Train up a child in the way he should go; even when he is old he will not depart from it. Proverbs 22:6

      Discipline your son, and he will give you rest; he will give delight to your heart. Proverbs 29:17

      A slack hand causes poverty, but the hand of the diligent makes rich. He who gathers in summer is a prudent son, but he who sleeps in harvest is a son who brings shame. Proverbs 10:4-5

  7. Karen says

    I have a 70 year old friend who has given many thousands of $ over the years to her 37 year old son who has a live in girlfriend and daughter. He has lost several vehicles to the repo man, has been evicted several times, has had his electric turned off numerous times over the years. He uses my friend’s granddaughter as a threat. If she doesn’t fork over money for whatever he claims he needs to pay, then there are threats she can’t see her granddaughter, or “you don’t love your granddaughter”. My friend threatens to stop giving them money because she has her own expenses to deal with, yet in the end always knuckles under and gives them money to pay the water bill, electric or whatever they claim they need it for. She admits they are probably using the money they earn to party, buy drugs and get drunk. I told her that she is in effect subsidizing their partying life. The latest outrageous thing they have talked her into is driving each of them to work, because neither of their vehicles are working. She has to drive 9 miles each way to get to their house and then drive them 2 miles to their places of employment. Given their irresponsible record with money, paying someone to fix at least one of their vehicles won’t happen any time soon and they obviously expect grandma to be their permanent cabbie. She is angry about it, but doesn’t have the guts to refuse to do it. I told her that those two are perfectly capable of walking that distance, or that they should go to the thrift store, buy a used bike and ride that to work. You have to wonder what these two dead beats will do when grandma is dead and gone.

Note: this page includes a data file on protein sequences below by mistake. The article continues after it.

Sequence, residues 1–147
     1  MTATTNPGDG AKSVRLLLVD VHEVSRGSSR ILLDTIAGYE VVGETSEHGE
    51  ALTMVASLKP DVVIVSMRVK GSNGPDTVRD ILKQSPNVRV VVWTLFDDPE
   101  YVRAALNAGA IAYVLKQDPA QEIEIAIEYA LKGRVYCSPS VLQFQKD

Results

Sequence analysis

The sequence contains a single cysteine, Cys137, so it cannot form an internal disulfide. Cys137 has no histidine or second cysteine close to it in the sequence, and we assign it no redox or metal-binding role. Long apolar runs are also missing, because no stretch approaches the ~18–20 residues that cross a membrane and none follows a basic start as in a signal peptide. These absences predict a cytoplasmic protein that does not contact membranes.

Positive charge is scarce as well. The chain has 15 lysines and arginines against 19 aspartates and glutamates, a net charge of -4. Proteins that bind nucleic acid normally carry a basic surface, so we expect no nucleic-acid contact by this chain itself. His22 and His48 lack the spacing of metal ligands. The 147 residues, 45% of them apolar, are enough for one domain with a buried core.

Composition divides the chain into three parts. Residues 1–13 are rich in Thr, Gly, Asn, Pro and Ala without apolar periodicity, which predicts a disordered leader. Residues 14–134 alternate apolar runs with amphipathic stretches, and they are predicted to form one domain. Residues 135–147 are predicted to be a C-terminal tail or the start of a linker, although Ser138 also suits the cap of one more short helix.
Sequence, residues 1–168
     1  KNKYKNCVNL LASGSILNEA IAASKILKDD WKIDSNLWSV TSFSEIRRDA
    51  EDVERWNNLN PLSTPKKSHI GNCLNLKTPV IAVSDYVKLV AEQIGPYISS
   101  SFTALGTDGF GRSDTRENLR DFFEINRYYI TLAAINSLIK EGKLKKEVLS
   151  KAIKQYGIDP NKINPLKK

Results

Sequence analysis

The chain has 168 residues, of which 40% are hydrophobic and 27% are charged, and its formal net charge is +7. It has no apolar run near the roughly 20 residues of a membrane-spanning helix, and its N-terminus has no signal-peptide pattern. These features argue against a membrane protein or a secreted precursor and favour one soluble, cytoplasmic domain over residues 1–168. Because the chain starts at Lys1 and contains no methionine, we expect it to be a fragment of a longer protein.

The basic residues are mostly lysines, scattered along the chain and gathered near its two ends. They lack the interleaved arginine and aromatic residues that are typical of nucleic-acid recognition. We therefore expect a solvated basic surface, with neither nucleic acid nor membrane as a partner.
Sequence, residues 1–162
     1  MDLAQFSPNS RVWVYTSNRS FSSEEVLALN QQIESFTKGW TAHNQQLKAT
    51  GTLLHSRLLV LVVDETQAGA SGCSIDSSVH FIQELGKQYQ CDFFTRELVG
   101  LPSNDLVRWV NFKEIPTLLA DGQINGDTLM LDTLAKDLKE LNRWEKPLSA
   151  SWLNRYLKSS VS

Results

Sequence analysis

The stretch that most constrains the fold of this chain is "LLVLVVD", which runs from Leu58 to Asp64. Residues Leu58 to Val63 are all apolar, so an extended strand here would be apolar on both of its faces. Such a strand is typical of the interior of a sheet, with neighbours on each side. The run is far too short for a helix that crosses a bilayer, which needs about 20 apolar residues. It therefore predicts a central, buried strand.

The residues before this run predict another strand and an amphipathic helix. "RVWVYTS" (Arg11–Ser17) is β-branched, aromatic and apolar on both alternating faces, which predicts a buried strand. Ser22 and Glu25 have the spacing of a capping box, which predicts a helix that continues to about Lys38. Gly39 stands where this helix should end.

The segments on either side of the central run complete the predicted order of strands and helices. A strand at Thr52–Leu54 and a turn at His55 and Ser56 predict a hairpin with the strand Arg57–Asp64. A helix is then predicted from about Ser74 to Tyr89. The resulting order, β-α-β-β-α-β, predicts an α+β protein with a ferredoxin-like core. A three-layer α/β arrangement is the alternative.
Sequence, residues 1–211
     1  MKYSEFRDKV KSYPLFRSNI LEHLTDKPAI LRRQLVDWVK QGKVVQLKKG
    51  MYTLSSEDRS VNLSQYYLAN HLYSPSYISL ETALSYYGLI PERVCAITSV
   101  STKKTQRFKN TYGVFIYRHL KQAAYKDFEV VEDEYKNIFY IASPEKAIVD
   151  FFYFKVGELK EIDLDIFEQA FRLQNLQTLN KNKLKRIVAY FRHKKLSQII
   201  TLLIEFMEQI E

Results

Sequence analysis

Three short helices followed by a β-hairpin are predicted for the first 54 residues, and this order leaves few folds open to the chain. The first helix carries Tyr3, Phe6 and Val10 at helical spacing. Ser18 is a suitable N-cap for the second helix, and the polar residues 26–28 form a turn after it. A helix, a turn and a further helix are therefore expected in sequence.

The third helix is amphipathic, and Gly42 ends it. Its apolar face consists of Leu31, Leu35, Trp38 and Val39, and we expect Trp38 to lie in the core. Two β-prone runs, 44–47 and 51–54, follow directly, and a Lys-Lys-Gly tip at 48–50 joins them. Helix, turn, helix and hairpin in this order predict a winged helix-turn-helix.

8. Manuel says

    I try to give my girlfriend this advise for her 25 year old son that also has a kid and lives in a apartment that she pays everything and goes to visit once a week. Even then he asks her for money for cigarettes and junk food and she gives it to him. He pays zero bills and has a bull$hit part time job, he spends it all on junk he does not need.

    Anytime I try to say its time to start cutting the cord, she takes it as a personal attack. I get tired of her telling me how depressed he is and how hard his life is because his wife left him. How do I get her to realize that she is not helping him, just harming him??? If I felt he was trying hard to help himself I would help even. Any suggestions ??